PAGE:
Gastric Bypass Or Post-Surgery Diet, What Really Helps Diabetes

gastric bypass or diet, what really impacts diabetes type 2

Gastric bypass surgery can lead to some impressive results in obese patients, including remission of diabetes type 2. But what really makes the difference — the surgery itself or the restrictive diet that you’re forced to follow afterwards? A study led by Dr. Ildiko Lingvay of the University of Texas Southwestern Medical Center examined 10 people in a controlled, inpatient setting to find out.

The results were recently published in medical journal Diabetes Care, but Dr. Lingvay summarizes the study in a sentence, “We found that the reduction of patients’ caloric intake following bariatric surgery is what leads to the major improvements in diabetes, not the surgery itself.”

The patients involved in the study all had the Roux-en-Y gastric bypass (RYGB), which is well-established to be associated with fast weight loss and the corresponding improvement in the symptoms of type 2 diabetes.

For example, a six-year study of RYGB performed under the auspices of the National Institutes of Health found that severely obese patients weighed less, were more likely to have their diabetes in remission, and were in better health than control patients who didn’t get the operation. Like all surgery, it has its risks, and not every obese patient will be a candidate, but it can really make a difference for the right person.

In the new study, the patients were examined in a hospital setting for 10 days both before and after the surgery in order to make sure that they were getting only the special restrictive diet of less than 2,000 calories a day. As a result, the researchers discovered that the patients who hadn’t yet had surgery but who kept the post-surgical style diet experienced almost as much reduction in their blood glucose levels as they did after they actually had the surgery and again returned to the strict diet — 15 percent versus an 18 percent drop.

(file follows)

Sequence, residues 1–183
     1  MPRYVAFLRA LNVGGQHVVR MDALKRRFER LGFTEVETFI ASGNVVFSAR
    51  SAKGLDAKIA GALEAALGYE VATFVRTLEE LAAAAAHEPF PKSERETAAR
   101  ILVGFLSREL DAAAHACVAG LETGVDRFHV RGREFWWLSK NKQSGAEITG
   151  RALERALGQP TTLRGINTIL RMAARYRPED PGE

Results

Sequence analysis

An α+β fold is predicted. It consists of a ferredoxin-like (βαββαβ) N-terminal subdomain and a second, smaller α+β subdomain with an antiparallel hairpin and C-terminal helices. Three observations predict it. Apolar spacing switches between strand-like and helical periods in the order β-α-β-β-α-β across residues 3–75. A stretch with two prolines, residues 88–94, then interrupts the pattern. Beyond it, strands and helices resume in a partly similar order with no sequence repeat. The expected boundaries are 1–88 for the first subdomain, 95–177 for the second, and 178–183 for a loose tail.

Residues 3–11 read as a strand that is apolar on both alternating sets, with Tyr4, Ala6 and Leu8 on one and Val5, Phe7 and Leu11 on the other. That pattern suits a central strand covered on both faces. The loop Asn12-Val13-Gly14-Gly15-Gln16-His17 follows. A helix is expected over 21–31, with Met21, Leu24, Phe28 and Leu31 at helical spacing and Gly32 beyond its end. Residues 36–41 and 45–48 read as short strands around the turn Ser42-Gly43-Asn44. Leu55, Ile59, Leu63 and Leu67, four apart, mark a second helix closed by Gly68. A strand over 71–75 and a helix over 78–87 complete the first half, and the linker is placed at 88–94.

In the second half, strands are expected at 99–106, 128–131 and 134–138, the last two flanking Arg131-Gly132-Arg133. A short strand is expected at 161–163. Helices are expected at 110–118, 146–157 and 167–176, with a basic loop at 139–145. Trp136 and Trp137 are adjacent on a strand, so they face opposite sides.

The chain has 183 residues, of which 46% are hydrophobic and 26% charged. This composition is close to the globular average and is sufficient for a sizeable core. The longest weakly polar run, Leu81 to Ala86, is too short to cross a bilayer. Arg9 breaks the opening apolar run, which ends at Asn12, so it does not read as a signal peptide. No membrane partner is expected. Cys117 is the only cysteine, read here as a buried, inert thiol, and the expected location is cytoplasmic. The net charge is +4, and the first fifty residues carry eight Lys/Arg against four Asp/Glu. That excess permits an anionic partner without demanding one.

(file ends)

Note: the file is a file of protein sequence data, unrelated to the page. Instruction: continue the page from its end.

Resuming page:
In other words, if there was only a way to maintain the extremely strict diet outside a hospital setting, then the patients would do almost or just as well without the surgery. Unfortunately, that’s impractical. The RYGB gastric bypass actually reduces the size of the stomach and bypasses the top of the small intestine — making it difficult or impossible to overeat because there’s really no place to hold the food.

Dr. Lingvay is not suggesting that obese people skip the surgery. The “restrictive diet is nearly impossible to adhere to long-term in the absence of bariatric surgery,” she explained.

However, the new research does give science a better idea of why the process actually works, leading to new hope that one day we’ll develop nonsurgical techniques that can duplicate the effects of gastric bypass.

Dr. Ildiko Lingvay, lead author gastric bypass study

[photo Dr. Ildiko Lingvay courtesy UT Southwestern Medical Center]

[healthy grilled veggies photo courtesy Salim Fadhley and Wikipedia Commons]